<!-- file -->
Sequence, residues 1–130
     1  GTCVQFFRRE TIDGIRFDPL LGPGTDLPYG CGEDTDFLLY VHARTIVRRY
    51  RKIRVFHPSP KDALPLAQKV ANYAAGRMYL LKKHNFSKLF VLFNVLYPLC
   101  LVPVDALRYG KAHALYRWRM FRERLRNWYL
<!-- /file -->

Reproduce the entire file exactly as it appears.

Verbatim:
Sequence, residues 1–130
     1  GTCVQFFRRE TIDGIRFDPL LGPGTDLPYG CGEDTDFLLY VHARTIVRRY
    51  RKIRVFHPSP KDALPLAQKV ANYAAGRMYL LKKHNFSKLF VLFNVLYPLC
   101  LVPVDALRYG KAHALYRWRM FRERLRNWYL